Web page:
When Tiziana Trabucchi was a little girl growing up in Milan, Italy, her grandfather gave her an encyclopedia.
The seven-year-old pored over the geology section, solidifying her awe for the sciences in a city known for the arts.
“There is the sensation of living in the past in Italy,” she said, pointing to museums, opera houses and paintings like Leonardo da Vinci’s The Last Supper located in a Milan monastery. “North America is more projected to the future and focused on scientific advancements, so I decided to apply to UNB.”
After completing a master’s degree in geology in Europe, Trabucchi joined the University of New Brunswick’s Planetary and Space Science Centre in Fredericton.
Now, midway through her doctoral thesis, Trabucchi has been hand-picked to help NASA evaluate future landing sites on the moon as part of the Constellation Lunar Exploration Program.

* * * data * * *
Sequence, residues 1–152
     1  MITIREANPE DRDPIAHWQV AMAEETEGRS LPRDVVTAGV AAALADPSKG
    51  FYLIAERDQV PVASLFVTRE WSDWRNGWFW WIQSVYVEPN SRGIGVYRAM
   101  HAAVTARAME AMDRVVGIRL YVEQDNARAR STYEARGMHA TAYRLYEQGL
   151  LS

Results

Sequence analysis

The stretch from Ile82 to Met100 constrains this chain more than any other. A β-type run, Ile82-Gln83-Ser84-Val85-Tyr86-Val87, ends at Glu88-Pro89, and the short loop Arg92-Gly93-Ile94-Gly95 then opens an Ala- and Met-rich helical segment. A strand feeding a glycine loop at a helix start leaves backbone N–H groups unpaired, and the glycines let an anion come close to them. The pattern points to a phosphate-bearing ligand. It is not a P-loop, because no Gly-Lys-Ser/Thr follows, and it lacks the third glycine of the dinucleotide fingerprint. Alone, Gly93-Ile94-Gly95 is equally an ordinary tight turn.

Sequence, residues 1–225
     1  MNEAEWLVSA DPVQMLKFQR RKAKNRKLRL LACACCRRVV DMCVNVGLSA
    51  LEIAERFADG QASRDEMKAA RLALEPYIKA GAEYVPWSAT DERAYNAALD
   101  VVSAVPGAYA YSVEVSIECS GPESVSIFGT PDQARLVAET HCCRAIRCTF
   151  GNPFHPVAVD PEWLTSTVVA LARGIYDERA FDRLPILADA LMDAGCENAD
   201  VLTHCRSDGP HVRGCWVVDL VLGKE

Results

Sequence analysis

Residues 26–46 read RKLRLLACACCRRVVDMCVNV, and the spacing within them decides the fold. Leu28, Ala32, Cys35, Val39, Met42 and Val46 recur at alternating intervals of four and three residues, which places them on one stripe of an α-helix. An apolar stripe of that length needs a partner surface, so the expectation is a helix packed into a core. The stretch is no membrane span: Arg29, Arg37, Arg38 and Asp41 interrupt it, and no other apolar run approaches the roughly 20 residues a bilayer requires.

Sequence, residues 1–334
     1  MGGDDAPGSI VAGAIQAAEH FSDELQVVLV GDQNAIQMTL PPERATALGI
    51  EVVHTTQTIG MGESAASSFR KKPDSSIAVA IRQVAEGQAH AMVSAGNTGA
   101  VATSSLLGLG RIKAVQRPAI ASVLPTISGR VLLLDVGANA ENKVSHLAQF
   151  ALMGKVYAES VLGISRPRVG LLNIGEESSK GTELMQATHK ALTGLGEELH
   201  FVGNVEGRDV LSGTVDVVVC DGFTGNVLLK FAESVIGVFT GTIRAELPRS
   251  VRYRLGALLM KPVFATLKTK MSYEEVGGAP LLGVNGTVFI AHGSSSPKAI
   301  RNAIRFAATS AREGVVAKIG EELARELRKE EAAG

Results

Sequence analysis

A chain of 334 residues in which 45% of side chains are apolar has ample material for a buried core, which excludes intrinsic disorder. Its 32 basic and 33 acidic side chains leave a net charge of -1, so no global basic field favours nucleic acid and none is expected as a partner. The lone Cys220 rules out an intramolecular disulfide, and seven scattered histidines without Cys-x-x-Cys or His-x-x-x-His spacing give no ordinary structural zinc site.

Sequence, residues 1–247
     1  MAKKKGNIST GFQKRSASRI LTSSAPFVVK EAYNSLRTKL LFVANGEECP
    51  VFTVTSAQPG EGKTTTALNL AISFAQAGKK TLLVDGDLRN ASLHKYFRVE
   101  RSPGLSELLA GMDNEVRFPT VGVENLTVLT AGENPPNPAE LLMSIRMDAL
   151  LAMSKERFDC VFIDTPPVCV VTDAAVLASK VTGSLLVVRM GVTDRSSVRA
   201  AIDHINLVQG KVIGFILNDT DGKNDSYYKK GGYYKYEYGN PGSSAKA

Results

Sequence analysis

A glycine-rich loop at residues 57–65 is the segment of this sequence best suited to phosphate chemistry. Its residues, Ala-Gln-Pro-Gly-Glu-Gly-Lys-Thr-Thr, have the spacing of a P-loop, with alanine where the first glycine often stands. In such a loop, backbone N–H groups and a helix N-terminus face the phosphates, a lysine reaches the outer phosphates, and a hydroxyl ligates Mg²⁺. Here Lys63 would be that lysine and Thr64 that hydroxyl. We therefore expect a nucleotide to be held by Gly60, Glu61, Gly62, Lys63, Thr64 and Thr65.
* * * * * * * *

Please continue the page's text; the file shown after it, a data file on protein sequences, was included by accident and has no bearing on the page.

She touches down in Houston at the end of the month for the 10-week program.
Some may see moon landings as a fait accompli, given United States’ Apollo 11 astronaut Neil Armstrong walked on the moon in 1969.
But Trabucchi said “the moon is still a very important and strategic place to go.”
“The Japanese are thinking of going there with a robotic mission and the Chinese want to put a stable human base on the moon,” she said. “There are also strategic resources there that are unique to lunar soil.”
Read the full story at the Telegraph-Journal